Big pharma is betting that the next big drug discovery may actually be found outside the walls of their respective R&D labs.
Merck (NYSE:MRK) is currently overhauling its R&D unit and plans on creating "international innovation hubs" to gain access to drug research being performed outside the company's labs. The Wall Street Journal obtained information from people familiar with the plan, who explained that the hubs would be located in areas already buzzing with academic and commercial research. These areas include cities like Boston, San Francisco, London, and Shanghai.
The hubs would seek out licensing and acquisition opportunities for Merck in biotech and pharmaceutical research. Closer to home, the company is streamlining its own research pipeline and plans to sell off some new formulations that Merck's researchers have identified. Some of the compounds are related to experimental glaucoma treatments, antipsychotics, and a male fertility drug, according to an internal company document obtained by the Journal.
Merck's R&D unit changes focus to stay competitive
Merck's new R&D chief, Roger Perlmutter, spoke in an October conference call with analysts about his support of greater collaboration with outside researchers to build up the company's drug pipeline. This has led to reductions in personnel within Merck's own R&D unit, as the company works on improving operating efficiency. Inside the R&D unit more attention is being paid on medicines that will deliver a high return on investment.
Merck has struggled to bring new drugs to market in recent years, since the company has traditionally handled a new drug's product lifecycle entirely in-house, from initial discovery to clinical trials. The company's bottom line has also struggled with the effects of patent expirations on drugs such as asthma and allergy therapy Singulair. Sales of Singular dropped to $280 million in fiscal 2013's third quarter from $602 million in the same period in 2012.
Since 2009, competitors like Pfizer (NYSE:PFE) and Johnson & Johnson (NYSE:JNJ) have outpaced Merck in the acquisition of partners to advance their respective drug pipelines. In fact, Merck's decision to create innovation hubs mirrors Pfizer's and Johnson & Johnson's own plans to set up regional offices to identify external research opportunities .
Regional hubs used to identify promising research in the early stages
According to the company's website, Pfizer launched its Centers for Therapeutic Innovation, or CTI, to "...bridge the gap between early scientific discovery and its translation into new medicines." Launched in 2010, the centers enable Pfizer scientists to work alongside academic researchers. Each side provides their unique expertise to create a more novel approach that aims at speeding up the drug development process. So far, four locations have been set up in Boston, New York, San Diego, and San Francisco. CTI's network of partners has more than 23 academic centers and a portfolio of 25 projects.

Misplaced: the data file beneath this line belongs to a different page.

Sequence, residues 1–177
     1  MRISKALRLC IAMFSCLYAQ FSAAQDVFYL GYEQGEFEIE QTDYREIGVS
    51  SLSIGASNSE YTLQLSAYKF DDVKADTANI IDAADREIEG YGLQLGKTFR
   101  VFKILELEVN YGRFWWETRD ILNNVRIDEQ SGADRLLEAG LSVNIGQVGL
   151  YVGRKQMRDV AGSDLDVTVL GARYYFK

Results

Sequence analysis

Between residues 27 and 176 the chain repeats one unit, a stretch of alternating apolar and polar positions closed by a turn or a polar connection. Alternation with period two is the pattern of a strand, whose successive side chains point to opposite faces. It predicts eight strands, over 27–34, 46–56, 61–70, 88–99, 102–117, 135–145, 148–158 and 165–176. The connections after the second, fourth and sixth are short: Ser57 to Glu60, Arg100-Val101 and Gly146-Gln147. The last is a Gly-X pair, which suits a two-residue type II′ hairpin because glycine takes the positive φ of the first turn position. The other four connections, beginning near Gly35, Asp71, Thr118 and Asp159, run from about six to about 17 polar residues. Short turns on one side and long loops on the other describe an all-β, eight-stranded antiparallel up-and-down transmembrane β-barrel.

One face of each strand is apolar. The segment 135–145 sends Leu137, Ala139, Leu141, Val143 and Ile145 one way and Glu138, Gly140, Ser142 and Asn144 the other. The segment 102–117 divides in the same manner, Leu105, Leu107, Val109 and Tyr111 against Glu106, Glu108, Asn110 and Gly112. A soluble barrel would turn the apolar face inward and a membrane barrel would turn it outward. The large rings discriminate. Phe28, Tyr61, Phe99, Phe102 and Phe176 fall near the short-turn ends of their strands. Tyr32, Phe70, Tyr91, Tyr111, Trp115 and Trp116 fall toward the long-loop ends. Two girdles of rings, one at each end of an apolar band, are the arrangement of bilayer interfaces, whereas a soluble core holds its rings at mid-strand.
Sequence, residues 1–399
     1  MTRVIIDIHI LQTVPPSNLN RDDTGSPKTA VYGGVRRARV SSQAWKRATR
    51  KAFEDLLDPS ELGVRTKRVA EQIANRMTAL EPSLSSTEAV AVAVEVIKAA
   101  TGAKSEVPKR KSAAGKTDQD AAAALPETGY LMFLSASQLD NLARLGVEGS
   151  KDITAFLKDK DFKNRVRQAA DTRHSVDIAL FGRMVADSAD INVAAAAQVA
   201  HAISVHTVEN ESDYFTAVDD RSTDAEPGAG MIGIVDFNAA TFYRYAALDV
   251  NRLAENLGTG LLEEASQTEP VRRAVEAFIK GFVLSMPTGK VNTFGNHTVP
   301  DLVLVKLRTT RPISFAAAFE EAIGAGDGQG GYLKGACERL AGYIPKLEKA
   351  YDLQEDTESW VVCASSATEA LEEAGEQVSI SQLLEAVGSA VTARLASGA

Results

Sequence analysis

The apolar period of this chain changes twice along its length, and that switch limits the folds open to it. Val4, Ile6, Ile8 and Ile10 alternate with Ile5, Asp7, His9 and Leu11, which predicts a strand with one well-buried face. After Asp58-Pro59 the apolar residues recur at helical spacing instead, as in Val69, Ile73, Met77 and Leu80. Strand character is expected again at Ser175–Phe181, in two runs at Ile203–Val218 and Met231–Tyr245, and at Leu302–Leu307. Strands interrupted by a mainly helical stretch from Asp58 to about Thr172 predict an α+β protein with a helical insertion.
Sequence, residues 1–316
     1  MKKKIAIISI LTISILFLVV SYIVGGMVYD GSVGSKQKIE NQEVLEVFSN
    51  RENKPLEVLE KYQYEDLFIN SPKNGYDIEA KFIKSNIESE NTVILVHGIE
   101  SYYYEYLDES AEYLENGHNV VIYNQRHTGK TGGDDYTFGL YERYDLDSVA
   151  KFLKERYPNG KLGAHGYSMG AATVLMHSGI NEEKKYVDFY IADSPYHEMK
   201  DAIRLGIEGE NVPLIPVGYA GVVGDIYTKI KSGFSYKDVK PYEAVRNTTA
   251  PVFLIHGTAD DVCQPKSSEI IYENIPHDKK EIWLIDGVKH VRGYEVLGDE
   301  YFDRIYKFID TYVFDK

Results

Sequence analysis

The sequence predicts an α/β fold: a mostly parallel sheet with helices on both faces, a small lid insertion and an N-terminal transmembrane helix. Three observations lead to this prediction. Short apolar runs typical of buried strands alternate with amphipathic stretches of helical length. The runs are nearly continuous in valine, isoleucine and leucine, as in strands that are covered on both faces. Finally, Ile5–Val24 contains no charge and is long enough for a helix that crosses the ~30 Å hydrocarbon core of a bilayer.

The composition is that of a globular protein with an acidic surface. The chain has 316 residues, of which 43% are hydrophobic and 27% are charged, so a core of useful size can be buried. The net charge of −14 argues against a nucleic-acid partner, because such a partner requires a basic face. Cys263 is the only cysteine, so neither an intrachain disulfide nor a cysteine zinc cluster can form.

Johnson & Johnson's innovation centers work with university scientists and entrepreneurs, start-up biotech firms, and academic institutes. The company goal is to identify and invest in health care solutions for its three business segments -- consumer, pharmaceutical, and medical devices and diagnostics. The centers are located in California, Boston, London, and Shanghai. In December, the company announced that additional London offices would open in several U.K. life science centers. The locations will serve as extensions of the London Innovation Center, which works with academics and entrepreneurs throughout the U.K.
Johnson & Johnson has also created on online idea submission process, called Intelli-Ideas. Anyone with a consumer products idea that is patented or patent pending and wishes to partner with J&J can submit their idea through the company's website.
My Foolish conclusion
The move by Merck to partner with R&D innovators outside its own company shows the need for greater efficiency in the drug development process. By tapping into outside research, the company can rein in its internal R&D staff to focus on the most promising drugs that will increase the company's ROI on research. If the use of regional offices to identify cutting-edge research leads to the development of more successful drug therapies, this new approach may improve and speed up the product lifecycle for commercial medicines.